Five rules for investment from Alaska’s Permanent Fund Corporation

An Alaska Permanent Fund Corp. sign in the office in Juneau, March 14, 2016. (Photo by Skip Gray/360 North)

Each year, Alaska’s Permanent Fund Corporation invests billions in private companies and risky startups and digs into venture capital. It’s a relatively new and, so far, really successful strategy for making money for Alaska. But, how do they pick the next big winner out of a sea of potential companies?

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Stephen Moseley is just your average fast-talking, New York investment banker type of guy.  Except, he’s not in New York anymore. He’s four hours behind the market in Juneau.

I visited his blindingly white office in a glass and stone block building, just outside of downtown, where the first thing I noticed was his filing system — manila folders in neat stacks along one wall. The second? A very fancy desk.

He laughed and leaned over to press a button.  “It’s the best thing, isn’t it? not only is it a stand-up desk, it’s electronic.”  As it hummed into an upright position, I asked about his investments.

Moseley is the Director of Private Equity and something called Special Opportunities for the Alaska Permanent Fund Corporation.  And, he agreed to give me a sneak peak into his portfolio.

But, first, a bit of wrangling.

“Well, before I reveal those important secrets, I should ask what sort of…because everyone will copy me,  you know,” he said, laughing. “What are the ground rules. Is this all on the record?”

See, portfolio managers — like fishermen — don’t like to give away their secrets.  They wantto show you the big fish they caught; they don’t don’t want to tell you where or how they caught it.

With $11.5 billion in his back pocket, and an eye for risk, you might think it would be a little easier to talk him into investing in your project.

So, I tried. I pitched the idea of delivering fast food, tacos specifically, to people in New York — via drone.

“Well, first, I’d need tacos in my hand to think that through,” Moseley joked.

But then, he quickly changed his mind. “I think there are rules that would actually prevent me from enjoying the tacos,” he said.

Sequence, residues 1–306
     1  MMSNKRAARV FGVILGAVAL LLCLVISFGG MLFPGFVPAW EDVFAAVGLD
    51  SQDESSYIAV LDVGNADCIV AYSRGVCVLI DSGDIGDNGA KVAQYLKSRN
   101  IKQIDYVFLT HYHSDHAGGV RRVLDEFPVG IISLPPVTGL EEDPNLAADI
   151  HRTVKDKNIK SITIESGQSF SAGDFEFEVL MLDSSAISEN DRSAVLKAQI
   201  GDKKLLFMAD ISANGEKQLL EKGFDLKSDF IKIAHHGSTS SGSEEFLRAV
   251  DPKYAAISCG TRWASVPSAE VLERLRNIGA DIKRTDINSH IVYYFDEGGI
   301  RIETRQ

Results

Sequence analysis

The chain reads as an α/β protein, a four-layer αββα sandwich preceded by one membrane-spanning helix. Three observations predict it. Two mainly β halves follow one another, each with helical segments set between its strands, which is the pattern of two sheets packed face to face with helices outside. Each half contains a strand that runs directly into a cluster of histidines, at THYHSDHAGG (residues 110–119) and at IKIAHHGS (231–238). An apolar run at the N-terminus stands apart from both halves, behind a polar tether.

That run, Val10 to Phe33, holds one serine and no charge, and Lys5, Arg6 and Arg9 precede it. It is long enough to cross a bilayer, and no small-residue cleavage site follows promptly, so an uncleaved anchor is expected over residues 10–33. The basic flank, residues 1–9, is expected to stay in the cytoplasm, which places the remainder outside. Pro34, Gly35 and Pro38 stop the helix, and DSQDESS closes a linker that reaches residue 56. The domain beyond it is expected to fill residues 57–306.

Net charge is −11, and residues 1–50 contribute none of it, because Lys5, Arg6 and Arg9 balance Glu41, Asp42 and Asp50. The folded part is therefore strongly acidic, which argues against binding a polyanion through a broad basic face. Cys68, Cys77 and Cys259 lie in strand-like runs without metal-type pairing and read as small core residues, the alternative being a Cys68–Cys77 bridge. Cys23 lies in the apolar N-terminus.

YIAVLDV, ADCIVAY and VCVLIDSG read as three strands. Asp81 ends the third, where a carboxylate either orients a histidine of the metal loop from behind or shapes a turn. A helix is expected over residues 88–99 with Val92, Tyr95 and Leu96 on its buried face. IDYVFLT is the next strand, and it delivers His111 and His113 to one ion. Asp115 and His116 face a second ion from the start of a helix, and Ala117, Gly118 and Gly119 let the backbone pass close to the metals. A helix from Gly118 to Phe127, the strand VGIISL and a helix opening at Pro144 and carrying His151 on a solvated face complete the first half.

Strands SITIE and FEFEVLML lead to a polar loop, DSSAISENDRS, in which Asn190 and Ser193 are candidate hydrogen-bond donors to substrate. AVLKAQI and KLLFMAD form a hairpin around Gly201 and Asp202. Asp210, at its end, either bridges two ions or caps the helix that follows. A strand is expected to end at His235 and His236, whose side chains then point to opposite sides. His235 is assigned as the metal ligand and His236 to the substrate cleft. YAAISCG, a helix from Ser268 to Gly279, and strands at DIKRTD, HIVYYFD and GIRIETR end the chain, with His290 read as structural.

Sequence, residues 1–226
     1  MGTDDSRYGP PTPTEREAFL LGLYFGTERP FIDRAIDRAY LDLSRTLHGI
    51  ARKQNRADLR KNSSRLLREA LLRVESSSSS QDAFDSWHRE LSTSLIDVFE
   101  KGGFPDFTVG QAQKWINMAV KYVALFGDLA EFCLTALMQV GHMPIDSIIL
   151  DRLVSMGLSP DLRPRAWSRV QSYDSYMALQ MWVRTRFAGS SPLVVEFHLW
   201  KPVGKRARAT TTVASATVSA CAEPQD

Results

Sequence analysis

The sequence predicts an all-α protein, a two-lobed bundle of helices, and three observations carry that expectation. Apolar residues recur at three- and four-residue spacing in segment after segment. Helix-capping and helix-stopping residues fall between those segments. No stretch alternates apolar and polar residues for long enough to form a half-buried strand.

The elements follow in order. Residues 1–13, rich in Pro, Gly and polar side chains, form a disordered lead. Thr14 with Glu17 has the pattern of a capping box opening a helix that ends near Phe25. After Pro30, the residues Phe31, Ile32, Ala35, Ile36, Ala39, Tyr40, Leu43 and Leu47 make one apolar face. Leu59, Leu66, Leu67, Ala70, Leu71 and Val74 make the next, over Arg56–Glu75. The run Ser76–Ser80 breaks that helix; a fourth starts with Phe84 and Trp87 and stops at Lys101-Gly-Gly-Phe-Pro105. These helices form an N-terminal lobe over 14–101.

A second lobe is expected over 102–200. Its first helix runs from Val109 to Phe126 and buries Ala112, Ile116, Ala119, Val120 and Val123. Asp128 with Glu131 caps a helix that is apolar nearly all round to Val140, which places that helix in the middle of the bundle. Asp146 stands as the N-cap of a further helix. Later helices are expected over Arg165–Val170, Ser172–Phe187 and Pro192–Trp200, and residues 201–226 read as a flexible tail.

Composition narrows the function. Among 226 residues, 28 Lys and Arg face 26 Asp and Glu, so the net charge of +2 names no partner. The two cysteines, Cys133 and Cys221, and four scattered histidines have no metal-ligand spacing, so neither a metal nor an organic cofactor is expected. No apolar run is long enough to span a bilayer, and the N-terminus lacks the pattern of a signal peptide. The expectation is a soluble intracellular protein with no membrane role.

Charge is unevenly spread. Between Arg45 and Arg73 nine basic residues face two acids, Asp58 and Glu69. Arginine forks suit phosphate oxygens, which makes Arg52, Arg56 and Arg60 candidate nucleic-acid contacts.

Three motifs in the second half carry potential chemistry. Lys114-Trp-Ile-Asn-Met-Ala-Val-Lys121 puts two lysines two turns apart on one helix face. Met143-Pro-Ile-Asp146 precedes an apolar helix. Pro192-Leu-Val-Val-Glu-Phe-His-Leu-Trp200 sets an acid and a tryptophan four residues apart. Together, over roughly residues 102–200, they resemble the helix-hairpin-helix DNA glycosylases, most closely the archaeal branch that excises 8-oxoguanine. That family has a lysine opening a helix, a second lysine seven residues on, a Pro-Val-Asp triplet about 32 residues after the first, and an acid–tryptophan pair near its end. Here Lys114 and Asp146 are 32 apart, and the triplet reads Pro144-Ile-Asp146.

So rule one? No bribes.

“We can get tacos some other day, but it doesn’t sell taco investments,” he said.

And, the drones don’t sell it either.

“There’s a lot of cool technology out there in the world,” he said. “Much of it will never be realized, or profitable. We’ve got to think of it first as investors.”

Rule two? It can’t just be a interesting gadget; it’s got to have staying power.

And, it doesn’t matter how cool Moseley might think drones are, he won’t just funnel money into his favorite things.

“So the emotional reaction has no value,” he said. “There’s even sort of a cost to it, right?”

Rule three? Don’t let your emotions get in the way.

“My wife’s a psychologist she’d be really disappointed to hear me say that emotions don’t matter. Or even that they get in the way,” he said. “But I think that’s the honest reality. Because, not only do we need to find great investments, but we’ve got to sort through all the bad investments. And that’s why the process is so important.”

Ok, so my idea for taco-drones is a dud. But, really it should be. It doesn’t meet any of the markers fund managers look for in a good investment idea.

And while it’s hard to pinpoint exactly what “good” means to Moseley, his team’s portfolio has some big success stories. And, it has made more than $1 billion for the fund.

I asked Moseley’s boss, Permanent Fund Chief Executive Officer Angela Rodell what exactly her team is looking for in an investment idea.

Alaska Permanent Fund Corporation CEO Angela Rodell stands in the corporation headquarters, Aug. 9, 2017. (Photo by Andrew Kitchenman/KTOO)

She says, right out of the gate, the idea has to be big enough to make a difference in a $63 billion fund.

So, rule four – Any investment needs to be $25 million or more.

“That’s the low bar,” she said. “I mean we have looked at investments that are lower than that but they have to have sort of other unique qualities to them and by that I mean they’re rapidly scalable.”